The Price of a Chairmanship Jerry Lewis , a 16-term veteran of Congress from Redlands, is in line to get back his job as chair of the Appropriations Committee . It presides over all federal spending, and the 76-year-old Republican has promised big cuts , even for California. But the last time Lewis chaired that committee, when Republicans were in charge a few years ago, he was investigated by the FBI, and the conservative watch-dog group Judicial Watch still calls him one of Washington's " 10 Most Wanted Politicians ."
Carly Runs For the Senate Carly Fiorina paid her way through college and went on to become the first woman CEO of a Fortune 500 company, but she didn’t vote much in public elections. The stock price went down, and she was fired by the Board of Directors at Hewlett-Packard. Since then, she’s been an advisor to John McCain’s presidential campaign, and she’s now a Republican candidate for the US Senate seat of Democrat Barbara Boxer - with an endorsement from Sarah Palin.
Former Congressman Campbell Makes a Bid for the Senate Tom Campbell is one of three Republican hopefuls for the US Senate seat of Democrat Barbara Boxer . He served five terms in Congress from Silicon Valley. He's been a state senator, director of finance for Governor Schwarzenegger and dean of the business school at UC Berkeley. His opponents are former Hewlett CEO Carly Fiorina and conservative Assemblyman Chuck DeVore .
The Race for President and the Politics of Change With Mitt Romney out and a fresh round of primaries coming up this weekend, the race for the White House has narrowed to three people: Republican John McCain and Democrats Hillary Clinton and Barack Obama . Will a new political dialogue emerge? Voters and candidates talk about change, but what kind of change is actually likely in the campaign ahead? Are voters inspired by messages of hope tired of the slash-and-burn style of campaigning that's marked recent elections? Will cynicism give way to civility in political discourse? How will shifting political alliances affect the way candidates shape their messages to voters?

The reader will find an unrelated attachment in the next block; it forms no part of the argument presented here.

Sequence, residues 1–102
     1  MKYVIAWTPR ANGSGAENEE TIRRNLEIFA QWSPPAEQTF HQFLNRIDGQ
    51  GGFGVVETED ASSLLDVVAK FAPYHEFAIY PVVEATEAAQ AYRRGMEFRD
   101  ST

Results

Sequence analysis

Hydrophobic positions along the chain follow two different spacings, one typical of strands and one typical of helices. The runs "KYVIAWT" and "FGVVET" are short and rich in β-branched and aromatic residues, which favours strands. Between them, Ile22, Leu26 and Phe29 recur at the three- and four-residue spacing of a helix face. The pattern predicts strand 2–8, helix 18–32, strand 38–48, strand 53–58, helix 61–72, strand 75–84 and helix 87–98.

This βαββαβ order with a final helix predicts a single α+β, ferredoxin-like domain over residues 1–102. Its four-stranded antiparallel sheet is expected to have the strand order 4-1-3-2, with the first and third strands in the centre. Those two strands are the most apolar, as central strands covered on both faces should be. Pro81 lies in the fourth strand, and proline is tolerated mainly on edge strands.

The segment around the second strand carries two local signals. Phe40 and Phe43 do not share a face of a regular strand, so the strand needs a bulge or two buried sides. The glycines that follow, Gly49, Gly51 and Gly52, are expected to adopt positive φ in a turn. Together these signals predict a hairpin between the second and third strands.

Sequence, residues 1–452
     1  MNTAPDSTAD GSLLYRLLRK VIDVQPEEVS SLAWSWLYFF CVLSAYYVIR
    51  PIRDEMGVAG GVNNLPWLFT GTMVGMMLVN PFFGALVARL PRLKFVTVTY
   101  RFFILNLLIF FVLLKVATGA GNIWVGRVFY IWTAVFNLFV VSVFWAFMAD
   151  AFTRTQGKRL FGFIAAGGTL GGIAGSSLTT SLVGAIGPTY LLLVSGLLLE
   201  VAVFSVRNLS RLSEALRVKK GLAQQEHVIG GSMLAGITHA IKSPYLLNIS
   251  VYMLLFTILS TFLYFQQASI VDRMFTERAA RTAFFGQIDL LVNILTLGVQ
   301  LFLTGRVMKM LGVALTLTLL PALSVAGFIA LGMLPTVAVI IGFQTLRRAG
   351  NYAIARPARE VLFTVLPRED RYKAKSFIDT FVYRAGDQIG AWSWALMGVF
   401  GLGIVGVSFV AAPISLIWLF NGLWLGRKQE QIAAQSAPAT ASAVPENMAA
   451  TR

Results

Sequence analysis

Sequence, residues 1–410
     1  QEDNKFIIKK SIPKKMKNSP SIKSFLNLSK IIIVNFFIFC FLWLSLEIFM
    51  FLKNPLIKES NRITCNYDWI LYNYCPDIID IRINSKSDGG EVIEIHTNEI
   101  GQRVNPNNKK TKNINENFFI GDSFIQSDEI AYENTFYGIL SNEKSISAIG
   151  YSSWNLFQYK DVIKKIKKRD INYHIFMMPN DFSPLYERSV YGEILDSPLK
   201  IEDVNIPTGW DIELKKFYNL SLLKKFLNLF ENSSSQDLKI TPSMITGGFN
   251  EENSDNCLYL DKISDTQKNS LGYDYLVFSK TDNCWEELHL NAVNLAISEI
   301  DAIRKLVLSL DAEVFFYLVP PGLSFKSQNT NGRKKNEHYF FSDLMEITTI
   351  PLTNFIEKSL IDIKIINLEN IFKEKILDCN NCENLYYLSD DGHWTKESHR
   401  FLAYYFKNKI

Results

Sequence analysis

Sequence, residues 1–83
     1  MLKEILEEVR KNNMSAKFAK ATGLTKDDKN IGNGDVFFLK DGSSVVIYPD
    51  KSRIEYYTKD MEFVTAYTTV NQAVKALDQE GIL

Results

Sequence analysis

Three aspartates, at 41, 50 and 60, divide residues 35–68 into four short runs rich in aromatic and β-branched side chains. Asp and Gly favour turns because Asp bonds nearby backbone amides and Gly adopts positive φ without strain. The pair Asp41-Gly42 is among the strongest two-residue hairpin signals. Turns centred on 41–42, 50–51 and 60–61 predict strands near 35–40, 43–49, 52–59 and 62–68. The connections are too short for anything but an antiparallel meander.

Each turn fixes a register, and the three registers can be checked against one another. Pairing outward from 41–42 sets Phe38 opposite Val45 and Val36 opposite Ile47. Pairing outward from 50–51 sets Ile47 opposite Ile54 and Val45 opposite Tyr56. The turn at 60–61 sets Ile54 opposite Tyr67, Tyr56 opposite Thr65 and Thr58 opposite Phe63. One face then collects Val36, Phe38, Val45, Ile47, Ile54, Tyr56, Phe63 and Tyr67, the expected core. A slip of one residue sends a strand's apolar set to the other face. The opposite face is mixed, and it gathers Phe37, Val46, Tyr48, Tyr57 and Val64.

Trump's 'America First' goes missing abroad In the Middle East, President Trump is changing some policies of the Obama Administration—and reversing his own campaign attacks on Islam as a religion that "hates us." We hear about his visit to Saudi Arabia and what's at stake for the rest of his foreign excursion.
What happens when America retreats from the world? Is President Trump taking his "America First" agenda to extremes, withdrawing the country from the international stage on trade and climate change, distancing America from its traditional allies across the Atlantic and even threatening to physically isolate the country through the building of a wall along its southern border? León Krauze guest hosts.
Terrorism and tweets, hate speech and murder Just days before an election, Britain is coping with a rash of deadly terrorism, and Prime Minister Theresa May is on the defensive. And again today, President Trump has tweeted criticism of the Mayor of London. Later, a double murder in Portland, Oregon has revealed the ugly past of a supposedly “progressive” city. One immediate question: is “hate speech” protected by the First Amendment?
Trump plays scolder-in-chief with NATO allies At the opening of NATO’s dramatic new headquarters in Brussels today, President Trump acknowledged that Article 5 — promising that “an attack on one nation is an attack on all” -- has only been invoked one time: in the aftermath of September 11. But the President failed to provide what 27 other Alliance members have been waiting for: a re-commitment by America’s new leader to Article 5. Instead, they got a scolding.